The International Monetary Fund came out Wednesday in support of the fight against income inequality, with Fund economists saying income redistribution efforts can strengthen economic growth.
Plunging into a debate over the gap between rich and poor that is fueling political battles from the United States to Brazil to Thailand, economists from the Fund said there is already general agreement that inequality can fuel economic and political instability.
But do policies to redistribute income help or hurt growth? asked economists Jonathan Ostry, Andrew Berg and Charalambos Tsangarides.
The answer, they said, is a net gain, even if there is an initial cost to an economy from taxes and transfers which aim to close an income gap.
“While considerable controversy surrounds these issues, we should not jump to the conclusion that the treatment for inequality may be worse for growth than the disease itself,” they said in a research paper, “Redistribution, Inequality, and Growth”, and an accompanying blog comment.
“Equality-enhancing interventions could actually help growth.”
The trio cited the benefits of taxes on activities of the wealthy that could hurt an economy, like excessive financial speculation, and payments to the poor to support their children going to school.
Much of the thinking has been that, even if a large wealth gap is bad, that the cures of taxes and wealth transfers to correct the problem usually hamper growth.
“Many argue that redistribution undermines growth, and even that efforts to redistribute to address high inequality are the source of the correlation between inequality and low growth,” they said.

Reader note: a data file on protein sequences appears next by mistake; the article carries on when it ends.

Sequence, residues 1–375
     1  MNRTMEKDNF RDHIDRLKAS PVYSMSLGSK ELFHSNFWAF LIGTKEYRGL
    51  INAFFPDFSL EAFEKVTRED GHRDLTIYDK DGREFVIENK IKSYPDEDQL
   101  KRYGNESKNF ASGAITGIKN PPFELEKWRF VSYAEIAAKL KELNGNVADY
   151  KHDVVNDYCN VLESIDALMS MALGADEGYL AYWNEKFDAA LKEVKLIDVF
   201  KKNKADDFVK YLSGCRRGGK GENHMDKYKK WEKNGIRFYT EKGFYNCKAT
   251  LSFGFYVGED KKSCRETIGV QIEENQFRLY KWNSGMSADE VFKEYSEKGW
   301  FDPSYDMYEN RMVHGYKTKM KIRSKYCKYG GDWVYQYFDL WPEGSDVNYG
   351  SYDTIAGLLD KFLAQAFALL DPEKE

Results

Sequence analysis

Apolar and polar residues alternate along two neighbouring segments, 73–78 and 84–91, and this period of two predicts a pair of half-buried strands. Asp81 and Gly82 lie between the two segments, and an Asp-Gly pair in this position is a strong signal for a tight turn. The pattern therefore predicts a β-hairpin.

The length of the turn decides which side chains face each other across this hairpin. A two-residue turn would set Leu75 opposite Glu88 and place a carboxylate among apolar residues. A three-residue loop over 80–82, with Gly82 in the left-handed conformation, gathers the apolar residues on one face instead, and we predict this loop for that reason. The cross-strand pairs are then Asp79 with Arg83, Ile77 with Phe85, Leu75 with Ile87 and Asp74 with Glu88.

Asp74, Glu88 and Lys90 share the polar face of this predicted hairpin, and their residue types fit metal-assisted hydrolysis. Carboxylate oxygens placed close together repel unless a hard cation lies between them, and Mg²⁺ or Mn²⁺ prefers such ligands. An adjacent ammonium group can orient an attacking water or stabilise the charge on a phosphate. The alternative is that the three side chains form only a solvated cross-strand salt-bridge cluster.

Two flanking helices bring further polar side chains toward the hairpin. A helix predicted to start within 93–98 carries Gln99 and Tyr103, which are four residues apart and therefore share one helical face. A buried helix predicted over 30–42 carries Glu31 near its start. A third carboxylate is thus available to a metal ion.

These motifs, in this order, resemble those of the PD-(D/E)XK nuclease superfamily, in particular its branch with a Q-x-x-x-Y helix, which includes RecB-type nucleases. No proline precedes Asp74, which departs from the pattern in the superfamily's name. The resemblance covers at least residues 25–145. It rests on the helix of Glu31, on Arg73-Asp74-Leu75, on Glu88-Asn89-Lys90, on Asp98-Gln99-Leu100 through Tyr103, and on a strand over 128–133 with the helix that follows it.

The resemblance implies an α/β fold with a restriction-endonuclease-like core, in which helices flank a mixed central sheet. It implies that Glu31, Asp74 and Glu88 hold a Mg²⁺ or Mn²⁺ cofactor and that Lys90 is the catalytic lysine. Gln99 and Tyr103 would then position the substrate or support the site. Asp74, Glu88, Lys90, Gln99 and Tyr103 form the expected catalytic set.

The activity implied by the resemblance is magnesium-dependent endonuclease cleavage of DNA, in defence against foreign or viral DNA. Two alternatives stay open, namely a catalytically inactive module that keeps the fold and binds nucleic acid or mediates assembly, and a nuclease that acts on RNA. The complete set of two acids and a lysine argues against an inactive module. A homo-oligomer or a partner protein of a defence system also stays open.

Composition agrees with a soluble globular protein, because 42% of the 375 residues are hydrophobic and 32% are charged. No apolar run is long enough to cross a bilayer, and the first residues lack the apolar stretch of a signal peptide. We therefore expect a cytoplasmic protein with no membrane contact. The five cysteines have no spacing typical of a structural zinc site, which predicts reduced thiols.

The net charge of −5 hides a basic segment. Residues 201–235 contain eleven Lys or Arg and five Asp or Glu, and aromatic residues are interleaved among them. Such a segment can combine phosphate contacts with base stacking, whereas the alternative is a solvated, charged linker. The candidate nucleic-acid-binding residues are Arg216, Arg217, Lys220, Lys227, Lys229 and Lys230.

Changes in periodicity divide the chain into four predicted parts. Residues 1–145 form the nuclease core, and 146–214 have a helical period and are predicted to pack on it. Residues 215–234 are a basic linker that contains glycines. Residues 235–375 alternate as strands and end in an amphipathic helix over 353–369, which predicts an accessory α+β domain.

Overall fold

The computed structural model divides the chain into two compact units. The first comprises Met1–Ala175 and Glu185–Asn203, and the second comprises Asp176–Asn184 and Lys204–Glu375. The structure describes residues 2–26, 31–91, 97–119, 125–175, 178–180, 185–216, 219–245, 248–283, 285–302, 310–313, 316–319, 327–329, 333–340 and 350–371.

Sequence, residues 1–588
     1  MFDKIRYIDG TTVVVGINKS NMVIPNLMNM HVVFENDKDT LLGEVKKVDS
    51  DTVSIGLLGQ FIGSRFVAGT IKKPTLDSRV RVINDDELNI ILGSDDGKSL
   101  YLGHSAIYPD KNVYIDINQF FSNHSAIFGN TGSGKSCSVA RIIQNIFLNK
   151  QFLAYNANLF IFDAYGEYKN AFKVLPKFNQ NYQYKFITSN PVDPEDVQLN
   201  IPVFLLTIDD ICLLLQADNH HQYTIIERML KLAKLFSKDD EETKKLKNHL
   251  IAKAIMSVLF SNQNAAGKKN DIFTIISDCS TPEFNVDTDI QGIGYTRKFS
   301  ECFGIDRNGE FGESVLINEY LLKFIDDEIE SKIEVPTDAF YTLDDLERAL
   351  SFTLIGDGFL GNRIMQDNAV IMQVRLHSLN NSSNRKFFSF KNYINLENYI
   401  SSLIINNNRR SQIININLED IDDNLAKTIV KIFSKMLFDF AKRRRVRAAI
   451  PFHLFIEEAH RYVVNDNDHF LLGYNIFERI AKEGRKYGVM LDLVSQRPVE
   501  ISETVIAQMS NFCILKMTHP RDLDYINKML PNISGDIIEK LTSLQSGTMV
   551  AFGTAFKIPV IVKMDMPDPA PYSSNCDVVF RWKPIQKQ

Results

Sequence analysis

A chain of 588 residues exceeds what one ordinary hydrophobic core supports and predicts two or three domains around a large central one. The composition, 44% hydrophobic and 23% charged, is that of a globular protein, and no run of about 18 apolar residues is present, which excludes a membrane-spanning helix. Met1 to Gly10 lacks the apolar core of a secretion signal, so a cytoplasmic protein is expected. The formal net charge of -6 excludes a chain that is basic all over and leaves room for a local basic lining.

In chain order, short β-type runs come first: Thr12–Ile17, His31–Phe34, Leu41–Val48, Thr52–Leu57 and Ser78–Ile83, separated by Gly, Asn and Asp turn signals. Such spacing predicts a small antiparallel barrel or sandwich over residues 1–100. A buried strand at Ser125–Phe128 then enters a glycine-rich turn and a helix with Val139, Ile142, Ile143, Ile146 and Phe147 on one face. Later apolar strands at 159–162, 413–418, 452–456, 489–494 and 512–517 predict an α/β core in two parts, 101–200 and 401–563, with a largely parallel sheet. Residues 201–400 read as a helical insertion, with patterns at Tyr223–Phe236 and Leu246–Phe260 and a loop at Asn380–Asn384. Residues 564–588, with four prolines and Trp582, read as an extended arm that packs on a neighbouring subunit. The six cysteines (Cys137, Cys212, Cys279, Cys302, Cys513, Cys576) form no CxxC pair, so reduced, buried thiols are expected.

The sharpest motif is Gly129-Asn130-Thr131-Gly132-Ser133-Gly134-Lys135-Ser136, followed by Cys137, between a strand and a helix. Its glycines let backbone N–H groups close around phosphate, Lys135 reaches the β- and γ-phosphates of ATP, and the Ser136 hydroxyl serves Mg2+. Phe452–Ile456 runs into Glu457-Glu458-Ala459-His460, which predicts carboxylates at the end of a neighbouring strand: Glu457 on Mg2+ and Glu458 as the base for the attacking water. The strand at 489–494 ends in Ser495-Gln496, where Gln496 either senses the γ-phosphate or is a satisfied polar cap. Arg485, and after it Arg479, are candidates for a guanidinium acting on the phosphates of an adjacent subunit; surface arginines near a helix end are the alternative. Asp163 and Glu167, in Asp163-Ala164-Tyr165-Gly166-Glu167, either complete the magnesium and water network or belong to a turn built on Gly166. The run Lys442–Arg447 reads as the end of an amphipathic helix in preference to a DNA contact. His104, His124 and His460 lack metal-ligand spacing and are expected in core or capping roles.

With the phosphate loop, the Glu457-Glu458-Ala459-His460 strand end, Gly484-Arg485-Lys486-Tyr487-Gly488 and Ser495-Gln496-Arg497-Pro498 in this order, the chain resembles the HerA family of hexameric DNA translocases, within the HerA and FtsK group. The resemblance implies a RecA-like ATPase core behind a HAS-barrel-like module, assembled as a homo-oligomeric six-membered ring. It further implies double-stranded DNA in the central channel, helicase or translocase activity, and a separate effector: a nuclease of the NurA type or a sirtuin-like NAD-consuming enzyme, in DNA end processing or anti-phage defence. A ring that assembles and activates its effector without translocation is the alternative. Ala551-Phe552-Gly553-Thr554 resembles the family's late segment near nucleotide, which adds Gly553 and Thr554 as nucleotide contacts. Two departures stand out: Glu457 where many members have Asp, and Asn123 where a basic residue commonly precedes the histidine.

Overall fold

“If this is right, then taxes and transfers may be precisely the wrong remedy: a cure that may be worse than the disease itself.”
But the authors said that experience across a number of countries has provided “remarkably little evidence” for that conclusion.
Indeed, they said, “faster and more durable growth seems to have followed the associated reduction in inequality.”
“The average redistribution, and the associated reduction in inequality, seem to be robustly associated with higher and more durable growth.”
The authors are cautious to avoid saying the effects of redistribution are positive in every case or situation, and note that extreme efforts can have a bad outcome.
But overall, they argue that redistribution programs should not be excluded from policy out of fear they would hold back an economy.
“It would still be a mistake to focus on growth and let inequality take care of itself, if only because the resulting growth may be low and unsustainable.
“Inequality and unsustainable growth may be two sides of the same coin.”
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